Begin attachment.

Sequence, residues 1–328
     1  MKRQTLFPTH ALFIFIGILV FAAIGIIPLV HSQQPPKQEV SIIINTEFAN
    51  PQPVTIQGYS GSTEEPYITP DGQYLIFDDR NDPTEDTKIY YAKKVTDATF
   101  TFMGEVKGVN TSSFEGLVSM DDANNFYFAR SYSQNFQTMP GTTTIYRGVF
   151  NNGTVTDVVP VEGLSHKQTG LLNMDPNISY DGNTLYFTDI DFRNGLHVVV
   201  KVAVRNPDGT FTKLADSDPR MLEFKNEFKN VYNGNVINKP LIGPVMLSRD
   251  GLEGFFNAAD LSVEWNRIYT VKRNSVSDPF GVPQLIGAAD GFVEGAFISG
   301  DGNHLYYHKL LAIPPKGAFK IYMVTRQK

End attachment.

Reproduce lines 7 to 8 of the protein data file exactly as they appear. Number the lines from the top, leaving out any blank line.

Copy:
   251  GLEGFFNAAD LSVEWNRIYT VKRNSVSDPF GVPQLIGAAD GFVEGAFISG
   301  DGNHLYYHKL LAIPPKGAFK IYMVTRQK